Every April 8 has been especially sad for the Conrado Dávila family for four years. They review the photographs, videos and experiences accumulated during the 15 years that his son Álvaro Conrado lived, born on that date and murdered in the April protests, which marked a before and after in the recent history of Nicaragua.
Almost four years after the crime, executed by snipers when the little boy distributed water to university students protesting against the regime in 2018, his father, of the same name, assures that “we will never forgive and we will never forget what they did to us . Sooner or later, they are going to pay.”
“For us, for this date, it is to remember what they did to us. For us it is four years so far and we have not forgotten the tragic moment that happened to us. And even more painful to know that there is no one, there are no culprits…”, says Conrado Sr. about one of the characteristics of the Ortega Murillo regime: impunity.
On April 8, remembered on social networks with congratulations to “Alvarito”, the teenager would have turned 19, he would already be a university student after graduating from the Loyola Institute, of the Jesuits. His father is sure “the dreams he had of studying, of being a professional, were cut short. All in a violent way.”
The young man was one of the more than 355 people -according to the Inter-American Commission on Human Rights (IACHR)- who died in 2018, as a result of the massacre unleashed by the dictatorship, upset that thousands of citizens took to the streets to demand justice and democracy.
Four years after that social explosion, which the Government disqualified by inventing the theory of a coup d’état, Álvaro’s father assures that his son “moved out of solidarity”, “he did it of his own free will, nobody forced him”.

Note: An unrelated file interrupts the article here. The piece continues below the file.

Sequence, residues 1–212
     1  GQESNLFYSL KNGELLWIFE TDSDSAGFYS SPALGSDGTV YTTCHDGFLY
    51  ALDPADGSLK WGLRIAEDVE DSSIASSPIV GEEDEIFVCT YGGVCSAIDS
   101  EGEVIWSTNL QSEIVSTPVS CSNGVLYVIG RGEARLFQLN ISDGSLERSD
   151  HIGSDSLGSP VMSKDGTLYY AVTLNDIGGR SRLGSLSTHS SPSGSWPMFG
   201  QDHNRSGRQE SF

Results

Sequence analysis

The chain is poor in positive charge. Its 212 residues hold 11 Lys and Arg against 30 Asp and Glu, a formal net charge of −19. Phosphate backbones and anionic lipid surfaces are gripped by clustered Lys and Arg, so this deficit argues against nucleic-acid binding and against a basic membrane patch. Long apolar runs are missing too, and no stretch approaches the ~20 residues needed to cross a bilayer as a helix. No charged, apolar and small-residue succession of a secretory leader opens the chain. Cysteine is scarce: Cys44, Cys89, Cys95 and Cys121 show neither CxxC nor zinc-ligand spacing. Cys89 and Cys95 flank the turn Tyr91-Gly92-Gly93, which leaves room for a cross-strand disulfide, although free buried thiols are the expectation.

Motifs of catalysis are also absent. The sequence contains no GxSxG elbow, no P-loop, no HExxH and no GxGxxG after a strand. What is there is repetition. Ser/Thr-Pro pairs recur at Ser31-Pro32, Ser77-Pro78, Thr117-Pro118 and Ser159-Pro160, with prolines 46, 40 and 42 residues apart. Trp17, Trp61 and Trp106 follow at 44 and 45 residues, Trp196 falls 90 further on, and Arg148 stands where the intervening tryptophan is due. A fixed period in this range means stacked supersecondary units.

“He was hidden from me, and what happened to him happened because we are in the hands of a government that does not accept criticism from anyone and at that moment, it made the decision, they were the ones who made the decision to shoot people and what happened What happened. Apart from Álvaro, more than 46 people died that weekend,” he stresses.
💙🖤 Álvaro Conrado Dávila was assassinated by the Ortega Murillo regime with a shot to the throat while distributing water to students. He would be 19 years old today. We remember his life and demand truth and justice💙🖤
Read here: https://t.co/obeZrFqByS#4YearsWithoutJustice #AMAyNoOlvida pic.twitter.com/J0t6FeRgYH
– April Mothers Association (AMA) (@MadresDeAbril) April 8, 2022
Regime does not allow meetings
Conrado is aware that the levels of repression have worsened in Nicaragua, and that the government maintains hate speech against people who oppose it. They do not accept criticism, and now it is worse. “They practically have us up against the wall, so if you raise your voice or go out to the streets protesting, they just throw you in jail and make up charges so you don’t go out,” he says.
As a member of the Mothers of April Association (AMA), which brings together the fathers and mothers of the April victims, Conrado explains that the government does not even allow meetings because the police immediately besiege the place. That reaction is an expression of the “fear” that the Government has of them, he considers him. He reiterates that his main demand is truth and justice, that there be investigative processes that show what really happened.
His fight for “truth and justice” remains intact. She knows that it is not an easy path and the answer is not expeditious either. Conrado has seen several relatives of April victims go into exile out of fear, harassment and the threat of jail, but they resist in the country.
“We are clear that as long as they -the presidential couple- are managing the entire structure of the country we are not going to have justice; We are not going to have internal justice until there is a radical change in everything, until then we could have the justice that we are waiting for”, he expressed.
“I don’t know how long it will last but I hope that God gives me life to be able to see (prosecuted) all those people who were involved in the murders of our children,” he said.
The IACHR has also confirmed that more than 100,000 people went into exile to escape Ortega’s repression. And in recent years, migration, both for political and economic reasons, has been increasing, caused a large displacement of citizens who do not find in the country controlled by Ortega and Rosario Murillo opportunities to improve their quality of life.